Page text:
“Before I knew it,” Han-Wen says, “there were hundreds of users” of his wrapper. At the height of its popularity, 25% of Google’s developers used Han-Wen’s tool, and he used their feedback and ideas to improve it.
Becoming an expert in Perforce by trying to avoid it
Ironically, by building his Git wrapper to avoid using Perforce, Han-Wen became something of a Perforce expert—skills that made him the perfect hire for the Piper team.
At the time, Google’s version control system Piper looked quite like Perforce to the user, but it was actually reimplemented from scratch. In essence, Piper exposed a Perforce interface to the user, so that users wouldn’t have to switch their Perforce habits, but under the hood it was completely different in order to scale to Google's massive monorepo.
Han-Wen relocated to Google’s Munich office to work on internal tooling with the Piper team, where he continued to develop his Git wrapper—“It was a perfect 20% project,” he says. While there, Han-Wen became involved in pitching the idea of open sourcing Google’s build system, and before long, he joined the Bazel team to work on the project. When he switched teams, the Git wrapper was left with the Piper team. “It’s quite special,” Han-Wen says, “to create a 20% project and then leave it with another team.”
Open sourcing Google’s build system
Moving teams brought some valuable lessons. Han-Wen had previously used Google’s build system as a consumer, and from that point of view, the product seemed well put together and polished.
In reality, Han-Wen found that there was a lot of technical debt behind the scenes: years of scrappy building meant the software was under-documented, tests and sections of code were commented out, and there was a lot that needed to be put in order before open sourcing. “And it was my job to clean it up,” he says. On top of this, Han-Wen had to learn Java on the fly. “It was a lot of very, very hard work.”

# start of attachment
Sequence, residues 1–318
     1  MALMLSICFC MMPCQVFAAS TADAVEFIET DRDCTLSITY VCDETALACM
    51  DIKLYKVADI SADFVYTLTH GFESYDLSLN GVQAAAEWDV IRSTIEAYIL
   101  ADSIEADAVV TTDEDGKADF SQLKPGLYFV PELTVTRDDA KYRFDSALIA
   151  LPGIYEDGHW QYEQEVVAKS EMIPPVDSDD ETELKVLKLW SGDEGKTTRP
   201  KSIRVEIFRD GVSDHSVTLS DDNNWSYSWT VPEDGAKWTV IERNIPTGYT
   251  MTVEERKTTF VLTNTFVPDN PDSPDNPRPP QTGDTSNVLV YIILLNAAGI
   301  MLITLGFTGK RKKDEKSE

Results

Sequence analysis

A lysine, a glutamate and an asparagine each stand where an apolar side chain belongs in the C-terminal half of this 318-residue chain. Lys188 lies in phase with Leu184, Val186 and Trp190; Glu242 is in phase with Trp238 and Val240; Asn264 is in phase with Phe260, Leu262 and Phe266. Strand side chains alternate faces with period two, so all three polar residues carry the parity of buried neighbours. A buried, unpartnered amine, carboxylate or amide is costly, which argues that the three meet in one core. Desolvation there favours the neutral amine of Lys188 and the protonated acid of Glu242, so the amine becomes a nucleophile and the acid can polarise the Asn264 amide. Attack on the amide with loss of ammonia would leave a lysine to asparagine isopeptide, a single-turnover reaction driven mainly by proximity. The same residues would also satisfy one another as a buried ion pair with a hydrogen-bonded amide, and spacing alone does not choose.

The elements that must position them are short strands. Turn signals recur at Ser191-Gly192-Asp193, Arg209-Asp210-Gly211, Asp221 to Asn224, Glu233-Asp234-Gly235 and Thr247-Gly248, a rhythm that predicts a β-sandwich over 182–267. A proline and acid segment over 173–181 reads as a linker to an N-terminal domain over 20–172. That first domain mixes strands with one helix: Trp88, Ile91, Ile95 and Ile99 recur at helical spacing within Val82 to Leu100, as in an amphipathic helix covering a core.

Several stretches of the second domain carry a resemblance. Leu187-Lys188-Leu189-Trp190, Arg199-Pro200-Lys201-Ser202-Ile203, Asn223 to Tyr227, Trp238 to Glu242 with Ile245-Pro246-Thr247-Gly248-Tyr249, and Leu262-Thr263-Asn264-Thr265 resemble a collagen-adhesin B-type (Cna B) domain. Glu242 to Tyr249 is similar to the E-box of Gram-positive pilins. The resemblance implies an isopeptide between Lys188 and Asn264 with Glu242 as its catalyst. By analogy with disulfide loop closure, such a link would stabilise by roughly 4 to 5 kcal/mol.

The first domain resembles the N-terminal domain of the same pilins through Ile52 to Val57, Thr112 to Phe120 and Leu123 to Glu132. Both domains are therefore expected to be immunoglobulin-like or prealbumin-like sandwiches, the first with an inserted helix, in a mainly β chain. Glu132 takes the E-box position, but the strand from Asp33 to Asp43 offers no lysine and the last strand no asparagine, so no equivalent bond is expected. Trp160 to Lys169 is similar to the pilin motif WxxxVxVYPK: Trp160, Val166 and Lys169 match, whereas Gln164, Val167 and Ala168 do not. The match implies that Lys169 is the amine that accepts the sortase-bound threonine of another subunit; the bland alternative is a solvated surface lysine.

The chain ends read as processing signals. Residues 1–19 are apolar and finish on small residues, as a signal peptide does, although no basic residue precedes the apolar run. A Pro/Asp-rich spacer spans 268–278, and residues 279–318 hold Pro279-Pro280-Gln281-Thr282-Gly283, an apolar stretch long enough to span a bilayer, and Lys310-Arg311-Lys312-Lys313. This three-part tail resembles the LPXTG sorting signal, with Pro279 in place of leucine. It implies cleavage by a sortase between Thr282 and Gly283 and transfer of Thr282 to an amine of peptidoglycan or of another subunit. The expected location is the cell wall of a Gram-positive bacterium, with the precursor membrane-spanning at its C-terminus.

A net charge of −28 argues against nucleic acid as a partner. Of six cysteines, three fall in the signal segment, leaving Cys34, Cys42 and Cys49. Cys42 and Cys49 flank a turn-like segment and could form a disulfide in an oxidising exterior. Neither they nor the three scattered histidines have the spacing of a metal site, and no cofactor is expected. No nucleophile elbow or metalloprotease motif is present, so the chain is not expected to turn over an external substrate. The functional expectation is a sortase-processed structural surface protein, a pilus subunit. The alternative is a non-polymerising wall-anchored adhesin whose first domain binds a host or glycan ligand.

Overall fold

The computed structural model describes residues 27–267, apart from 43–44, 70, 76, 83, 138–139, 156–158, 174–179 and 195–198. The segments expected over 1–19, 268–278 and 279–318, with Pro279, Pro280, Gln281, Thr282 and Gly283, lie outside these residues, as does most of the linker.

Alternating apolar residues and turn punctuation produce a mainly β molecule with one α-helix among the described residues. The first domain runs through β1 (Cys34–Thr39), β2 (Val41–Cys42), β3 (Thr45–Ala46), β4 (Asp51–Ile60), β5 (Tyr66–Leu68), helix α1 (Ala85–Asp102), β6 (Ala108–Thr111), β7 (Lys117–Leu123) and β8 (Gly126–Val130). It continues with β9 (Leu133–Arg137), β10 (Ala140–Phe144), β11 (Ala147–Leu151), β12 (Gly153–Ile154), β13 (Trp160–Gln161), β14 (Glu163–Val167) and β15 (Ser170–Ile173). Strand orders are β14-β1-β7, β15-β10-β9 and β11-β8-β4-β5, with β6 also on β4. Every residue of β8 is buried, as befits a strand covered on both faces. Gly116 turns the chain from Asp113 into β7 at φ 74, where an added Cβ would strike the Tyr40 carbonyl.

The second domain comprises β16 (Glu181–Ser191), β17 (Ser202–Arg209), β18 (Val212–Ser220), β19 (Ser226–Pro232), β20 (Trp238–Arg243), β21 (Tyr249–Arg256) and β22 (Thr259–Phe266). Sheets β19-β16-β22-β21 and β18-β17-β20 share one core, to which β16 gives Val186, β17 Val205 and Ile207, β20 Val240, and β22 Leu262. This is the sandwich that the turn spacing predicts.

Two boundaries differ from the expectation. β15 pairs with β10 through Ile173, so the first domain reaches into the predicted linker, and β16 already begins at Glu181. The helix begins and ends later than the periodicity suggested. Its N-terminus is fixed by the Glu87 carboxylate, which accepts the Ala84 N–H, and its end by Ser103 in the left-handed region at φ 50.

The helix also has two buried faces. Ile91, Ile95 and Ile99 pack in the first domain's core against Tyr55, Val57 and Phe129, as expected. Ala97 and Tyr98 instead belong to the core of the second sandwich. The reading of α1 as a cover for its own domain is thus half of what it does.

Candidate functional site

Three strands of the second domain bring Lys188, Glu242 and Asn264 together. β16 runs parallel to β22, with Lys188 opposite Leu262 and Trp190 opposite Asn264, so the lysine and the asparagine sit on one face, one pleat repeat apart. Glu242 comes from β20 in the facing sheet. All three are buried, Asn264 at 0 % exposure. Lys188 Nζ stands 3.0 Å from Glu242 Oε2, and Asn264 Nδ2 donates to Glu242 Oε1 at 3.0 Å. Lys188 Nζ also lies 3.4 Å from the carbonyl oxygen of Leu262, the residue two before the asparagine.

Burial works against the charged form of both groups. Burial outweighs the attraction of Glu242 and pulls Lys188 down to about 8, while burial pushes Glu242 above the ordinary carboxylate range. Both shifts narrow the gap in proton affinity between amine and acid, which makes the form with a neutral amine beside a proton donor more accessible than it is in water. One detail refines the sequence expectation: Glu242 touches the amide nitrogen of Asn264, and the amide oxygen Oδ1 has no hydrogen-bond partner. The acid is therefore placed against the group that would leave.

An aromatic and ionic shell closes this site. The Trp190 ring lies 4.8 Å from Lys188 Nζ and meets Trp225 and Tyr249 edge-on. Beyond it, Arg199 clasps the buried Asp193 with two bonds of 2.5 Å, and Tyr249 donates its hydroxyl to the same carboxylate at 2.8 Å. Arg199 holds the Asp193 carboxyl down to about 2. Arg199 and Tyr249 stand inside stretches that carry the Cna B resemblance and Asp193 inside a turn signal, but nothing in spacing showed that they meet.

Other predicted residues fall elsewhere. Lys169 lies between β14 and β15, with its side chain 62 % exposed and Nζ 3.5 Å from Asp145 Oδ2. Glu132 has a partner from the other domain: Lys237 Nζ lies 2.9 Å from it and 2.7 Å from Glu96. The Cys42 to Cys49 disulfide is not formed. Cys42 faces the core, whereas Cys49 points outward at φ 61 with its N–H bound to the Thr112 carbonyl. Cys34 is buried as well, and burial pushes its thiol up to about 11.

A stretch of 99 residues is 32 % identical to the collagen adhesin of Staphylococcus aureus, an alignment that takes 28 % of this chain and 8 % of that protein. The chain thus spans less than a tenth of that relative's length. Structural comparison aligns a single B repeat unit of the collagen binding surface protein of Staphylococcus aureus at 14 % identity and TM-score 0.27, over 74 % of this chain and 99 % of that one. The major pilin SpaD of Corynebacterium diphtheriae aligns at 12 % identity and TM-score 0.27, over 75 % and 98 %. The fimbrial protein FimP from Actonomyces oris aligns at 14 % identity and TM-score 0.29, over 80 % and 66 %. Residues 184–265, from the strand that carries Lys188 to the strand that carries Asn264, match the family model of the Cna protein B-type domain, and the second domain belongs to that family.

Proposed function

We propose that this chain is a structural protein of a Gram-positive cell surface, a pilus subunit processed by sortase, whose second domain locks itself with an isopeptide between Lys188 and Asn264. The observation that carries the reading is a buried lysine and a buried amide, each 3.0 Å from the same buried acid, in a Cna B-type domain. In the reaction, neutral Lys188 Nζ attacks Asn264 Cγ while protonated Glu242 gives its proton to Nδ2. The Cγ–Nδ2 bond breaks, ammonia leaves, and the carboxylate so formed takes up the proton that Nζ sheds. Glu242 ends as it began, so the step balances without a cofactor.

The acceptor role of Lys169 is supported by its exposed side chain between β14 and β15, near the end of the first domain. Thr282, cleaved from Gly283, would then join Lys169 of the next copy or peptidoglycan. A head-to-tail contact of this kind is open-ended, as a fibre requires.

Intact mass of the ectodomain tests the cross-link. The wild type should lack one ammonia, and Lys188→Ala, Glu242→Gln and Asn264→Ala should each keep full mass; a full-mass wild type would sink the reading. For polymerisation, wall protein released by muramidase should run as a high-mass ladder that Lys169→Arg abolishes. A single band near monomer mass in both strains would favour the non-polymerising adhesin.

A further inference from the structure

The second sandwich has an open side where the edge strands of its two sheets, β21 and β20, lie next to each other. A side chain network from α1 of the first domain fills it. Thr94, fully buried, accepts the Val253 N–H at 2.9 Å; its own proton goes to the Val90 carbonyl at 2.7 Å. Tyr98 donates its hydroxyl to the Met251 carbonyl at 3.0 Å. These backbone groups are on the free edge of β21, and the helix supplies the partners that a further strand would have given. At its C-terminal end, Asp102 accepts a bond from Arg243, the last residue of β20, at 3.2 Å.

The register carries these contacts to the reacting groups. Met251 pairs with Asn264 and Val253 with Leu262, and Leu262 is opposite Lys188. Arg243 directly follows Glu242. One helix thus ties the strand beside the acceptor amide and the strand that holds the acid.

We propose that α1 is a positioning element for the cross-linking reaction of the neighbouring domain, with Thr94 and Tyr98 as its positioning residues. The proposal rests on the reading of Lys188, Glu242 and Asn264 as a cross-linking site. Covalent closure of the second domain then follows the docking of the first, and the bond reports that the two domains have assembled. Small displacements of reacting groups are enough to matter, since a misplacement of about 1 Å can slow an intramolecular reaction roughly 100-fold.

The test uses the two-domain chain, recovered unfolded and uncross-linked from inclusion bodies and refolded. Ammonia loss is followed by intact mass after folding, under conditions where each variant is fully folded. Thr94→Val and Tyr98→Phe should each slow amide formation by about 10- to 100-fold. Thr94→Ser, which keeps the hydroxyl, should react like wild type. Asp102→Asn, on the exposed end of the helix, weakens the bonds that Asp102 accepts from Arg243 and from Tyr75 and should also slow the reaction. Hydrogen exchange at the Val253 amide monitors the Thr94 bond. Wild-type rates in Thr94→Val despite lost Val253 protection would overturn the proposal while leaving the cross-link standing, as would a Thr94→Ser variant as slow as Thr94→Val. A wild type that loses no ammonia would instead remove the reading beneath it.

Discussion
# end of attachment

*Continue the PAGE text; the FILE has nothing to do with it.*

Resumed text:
Untangling the build system from its Google internals burned Han-Wen out, and he decided it was time to work on something different. “The Git guy” at Google was Shawn Pierce, who had been working on Gerrit, Google’s open source code review tool, for seven years with the aim of providing open source tooling for Android developers. Han-Wen had known Pierce for years through working on the Git wrapper and admired his vision and commitment. So when Pierce asked Han-Wen to see if he could build a code search tool for Gerrit, Han-Wen leaped at the chance and joined the Gerrit team.
Taking the bull by the horns
Han-Wen’s years of experience with Git were put to good use on the project.
Since Google’s Code Search team was also in Munich in those days, Han-Wen started by talking to them. One of the developers on the team explained how code search is built and the algorithms it involves, but warned Han-Wen that implementing code search from scratch is a lot of work. Maybe, the code search developer suggested, the better approach would be to open source the internal code search.